The National Security Agency has designed and built a series of Android phones intended to provide communications security for U.S. government staff. The phones were designed by the agency’s Information Assurance Directorate, which is responsible maintaining the U.S. government’s secure communications channels.
According to a report in SC Magazine, the agency’s goal was to create phones that were secure enough to meet the NSA’s stringent security standards, cheap enough to be produced in large enough quantities, and easy for government personnel to use. The phones are made with commercial components and run a heavily doctored version of Android 2.2. The phones are locked down tightly, and only applications from the Defence Information Systems Agency’s own app store can be installed (no word on whether they have Angry Birds or Words With Friends).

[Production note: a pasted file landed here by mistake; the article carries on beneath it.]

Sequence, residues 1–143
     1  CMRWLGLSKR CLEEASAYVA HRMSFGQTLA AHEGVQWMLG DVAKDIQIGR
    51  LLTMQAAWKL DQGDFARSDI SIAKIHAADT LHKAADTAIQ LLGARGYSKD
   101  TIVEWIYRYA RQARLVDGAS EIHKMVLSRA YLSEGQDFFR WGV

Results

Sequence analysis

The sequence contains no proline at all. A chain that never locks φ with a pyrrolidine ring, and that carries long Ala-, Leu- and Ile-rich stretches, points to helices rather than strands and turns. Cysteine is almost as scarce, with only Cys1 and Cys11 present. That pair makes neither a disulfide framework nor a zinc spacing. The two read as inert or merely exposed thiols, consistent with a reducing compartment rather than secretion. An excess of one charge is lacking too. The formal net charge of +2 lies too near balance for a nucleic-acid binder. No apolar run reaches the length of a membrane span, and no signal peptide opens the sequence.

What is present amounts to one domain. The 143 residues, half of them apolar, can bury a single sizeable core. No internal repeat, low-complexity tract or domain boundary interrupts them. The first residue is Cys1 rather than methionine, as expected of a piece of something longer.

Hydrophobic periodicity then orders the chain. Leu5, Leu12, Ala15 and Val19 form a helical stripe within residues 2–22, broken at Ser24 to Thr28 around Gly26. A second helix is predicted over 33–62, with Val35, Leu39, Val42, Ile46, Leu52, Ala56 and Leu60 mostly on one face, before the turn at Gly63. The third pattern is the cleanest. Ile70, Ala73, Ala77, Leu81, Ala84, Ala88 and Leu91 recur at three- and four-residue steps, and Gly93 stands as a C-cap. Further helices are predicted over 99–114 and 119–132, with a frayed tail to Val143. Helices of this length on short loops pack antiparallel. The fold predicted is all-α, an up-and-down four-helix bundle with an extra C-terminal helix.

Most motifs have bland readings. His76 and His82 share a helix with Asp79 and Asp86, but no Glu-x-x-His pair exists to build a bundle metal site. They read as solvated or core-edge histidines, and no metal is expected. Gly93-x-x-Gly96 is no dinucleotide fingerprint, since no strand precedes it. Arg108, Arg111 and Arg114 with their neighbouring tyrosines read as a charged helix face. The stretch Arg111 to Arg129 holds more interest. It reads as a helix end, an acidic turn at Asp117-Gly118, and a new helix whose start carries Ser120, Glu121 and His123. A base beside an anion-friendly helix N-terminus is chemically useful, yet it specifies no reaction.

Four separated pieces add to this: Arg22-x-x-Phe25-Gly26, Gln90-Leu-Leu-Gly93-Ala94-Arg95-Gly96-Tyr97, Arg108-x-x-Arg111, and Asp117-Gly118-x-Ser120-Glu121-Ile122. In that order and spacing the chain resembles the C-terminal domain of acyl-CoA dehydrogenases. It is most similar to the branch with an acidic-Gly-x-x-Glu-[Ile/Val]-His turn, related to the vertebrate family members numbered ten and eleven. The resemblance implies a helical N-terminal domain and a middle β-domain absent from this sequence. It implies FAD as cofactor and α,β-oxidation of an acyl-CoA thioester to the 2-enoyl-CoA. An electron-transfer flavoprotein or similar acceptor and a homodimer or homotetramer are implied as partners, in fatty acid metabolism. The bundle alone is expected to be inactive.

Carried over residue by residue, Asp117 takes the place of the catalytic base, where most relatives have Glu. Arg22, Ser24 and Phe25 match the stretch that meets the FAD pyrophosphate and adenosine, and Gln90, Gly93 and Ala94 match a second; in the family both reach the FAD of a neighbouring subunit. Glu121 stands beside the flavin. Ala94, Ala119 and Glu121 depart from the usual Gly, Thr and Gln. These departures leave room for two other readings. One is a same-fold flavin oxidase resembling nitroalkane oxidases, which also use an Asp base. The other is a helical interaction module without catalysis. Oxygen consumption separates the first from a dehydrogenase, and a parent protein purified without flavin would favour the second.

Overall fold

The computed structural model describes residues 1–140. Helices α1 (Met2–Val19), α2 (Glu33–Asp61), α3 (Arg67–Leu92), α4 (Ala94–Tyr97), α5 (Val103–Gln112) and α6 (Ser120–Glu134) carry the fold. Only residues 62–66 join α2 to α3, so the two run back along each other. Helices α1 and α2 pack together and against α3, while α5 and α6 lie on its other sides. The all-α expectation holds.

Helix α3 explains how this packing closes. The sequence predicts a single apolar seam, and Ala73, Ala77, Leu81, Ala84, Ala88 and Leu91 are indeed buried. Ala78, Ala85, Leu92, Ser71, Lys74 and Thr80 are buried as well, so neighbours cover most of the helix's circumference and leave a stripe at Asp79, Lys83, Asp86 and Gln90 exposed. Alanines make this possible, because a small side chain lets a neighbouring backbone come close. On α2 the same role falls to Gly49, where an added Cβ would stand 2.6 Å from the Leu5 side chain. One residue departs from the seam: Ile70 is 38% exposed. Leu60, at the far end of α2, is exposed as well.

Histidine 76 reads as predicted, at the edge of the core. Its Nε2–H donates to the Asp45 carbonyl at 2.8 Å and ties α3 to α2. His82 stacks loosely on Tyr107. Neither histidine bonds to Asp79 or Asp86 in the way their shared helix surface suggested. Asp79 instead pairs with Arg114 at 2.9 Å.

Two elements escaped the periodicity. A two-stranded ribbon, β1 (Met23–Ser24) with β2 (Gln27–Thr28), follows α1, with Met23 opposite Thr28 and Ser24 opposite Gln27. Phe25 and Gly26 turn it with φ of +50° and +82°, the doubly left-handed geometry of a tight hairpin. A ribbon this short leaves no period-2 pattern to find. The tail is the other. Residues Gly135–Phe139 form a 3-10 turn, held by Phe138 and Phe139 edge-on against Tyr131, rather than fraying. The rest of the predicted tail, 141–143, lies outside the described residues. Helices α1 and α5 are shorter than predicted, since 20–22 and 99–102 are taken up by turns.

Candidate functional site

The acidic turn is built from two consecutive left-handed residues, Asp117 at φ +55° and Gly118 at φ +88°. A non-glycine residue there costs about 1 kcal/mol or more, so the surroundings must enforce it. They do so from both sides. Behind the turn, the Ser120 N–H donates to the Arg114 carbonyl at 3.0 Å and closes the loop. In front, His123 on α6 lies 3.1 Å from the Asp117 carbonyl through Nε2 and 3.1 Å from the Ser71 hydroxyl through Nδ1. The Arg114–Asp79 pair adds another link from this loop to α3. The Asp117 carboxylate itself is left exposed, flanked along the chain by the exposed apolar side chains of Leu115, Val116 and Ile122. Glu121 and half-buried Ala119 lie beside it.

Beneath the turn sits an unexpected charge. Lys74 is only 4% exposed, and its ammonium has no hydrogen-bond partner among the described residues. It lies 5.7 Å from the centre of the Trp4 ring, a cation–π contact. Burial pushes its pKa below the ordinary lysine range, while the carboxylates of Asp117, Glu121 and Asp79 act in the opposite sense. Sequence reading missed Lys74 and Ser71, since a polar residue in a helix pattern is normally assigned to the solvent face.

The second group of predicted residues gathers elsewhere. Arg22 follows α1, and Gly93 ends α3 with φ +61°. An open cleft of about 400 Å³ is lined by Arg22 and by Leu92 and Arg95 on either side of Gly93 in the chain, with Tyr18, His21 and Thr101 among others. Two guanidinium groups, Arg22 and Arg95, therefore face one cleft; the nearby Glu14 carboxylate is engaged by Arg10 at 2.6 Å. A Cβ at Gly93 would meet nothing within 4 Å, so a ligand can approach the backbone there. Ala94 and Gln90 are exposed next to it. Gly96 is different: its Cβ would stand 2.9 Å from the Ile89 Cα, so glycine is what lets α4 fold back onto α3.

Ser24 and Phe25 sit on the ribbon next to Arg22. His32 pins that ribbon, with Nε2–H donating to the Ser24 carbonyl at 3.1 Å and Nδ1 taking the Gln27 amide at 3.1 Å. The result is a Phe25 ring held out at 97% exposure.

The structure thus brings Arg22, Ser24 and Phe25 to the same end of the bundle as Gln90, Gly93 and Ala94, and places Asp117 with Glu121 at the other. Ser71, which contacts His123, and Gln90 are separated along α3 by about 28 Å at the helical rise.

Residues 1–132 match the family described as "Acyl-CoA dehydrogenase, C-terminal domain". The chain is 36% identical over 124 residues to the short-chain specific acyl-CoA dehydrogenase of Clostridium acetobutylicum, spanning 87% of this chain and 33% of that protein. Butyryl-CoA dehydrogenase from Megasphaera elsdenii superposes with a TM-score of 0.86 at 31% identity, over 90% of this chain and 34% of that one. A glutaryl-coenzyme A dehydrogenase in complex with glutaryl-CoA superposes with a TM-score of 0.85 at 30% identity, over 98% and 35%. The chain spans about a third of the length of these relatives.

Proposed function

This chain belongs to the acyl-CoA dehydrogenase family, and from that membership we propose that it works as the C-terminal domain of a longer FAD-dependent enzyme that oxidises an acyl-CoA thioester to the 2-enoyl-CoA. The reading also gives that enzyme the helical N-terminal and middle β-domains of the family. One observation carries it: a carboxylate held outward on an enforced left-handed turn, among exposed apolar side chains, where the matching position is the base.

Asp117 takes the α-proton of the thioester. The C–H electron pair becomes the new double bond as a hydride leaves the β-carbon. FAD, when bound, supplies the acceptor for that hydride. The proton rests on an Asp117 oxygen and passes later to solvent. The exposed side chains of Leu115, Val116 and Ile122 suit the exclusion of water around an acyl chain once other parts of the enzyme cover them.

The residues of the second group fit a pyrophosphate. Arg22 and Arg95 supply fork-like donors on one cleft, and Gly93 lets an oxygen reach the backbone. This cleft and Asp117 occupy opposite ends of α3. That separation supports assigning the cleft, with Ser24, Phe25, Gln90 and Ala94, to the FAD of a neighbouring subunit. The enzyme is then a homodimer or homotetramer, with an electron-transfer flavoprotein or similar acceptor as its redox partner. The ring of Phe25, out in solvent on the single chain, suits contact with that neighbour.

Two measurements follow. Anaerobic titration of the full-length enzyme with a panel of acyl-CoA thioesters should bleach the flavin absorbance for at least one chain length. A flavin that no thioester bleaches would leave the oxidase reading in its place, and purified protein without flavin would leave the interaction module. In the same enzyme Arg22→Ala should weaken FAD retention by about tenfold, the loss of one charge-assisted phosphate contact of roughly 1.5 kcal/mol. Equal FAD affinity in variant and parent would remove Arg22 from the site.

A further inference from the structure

The phones were developed as part of the NSA’s Mobility Program, which was designed to respond to the growing need among many government agencies for secure methods of communication in an environment that is increasingly reliant on mobile technology.
The phones are created using entirely off-the-shelf components, meaning that with the plans published by the NSA (PDF), the actual device could easily be reproduced. The software, as previously mentioned, is a heavily modified version of Google’s Android operating system. Android is free and open source, meaning that anyone – including the NSA – can download the source code and modify it to suit their needs.
There is no word on how widely the government intends to distribute these “Fishbowl” phones. The number will likely be kept fairly low.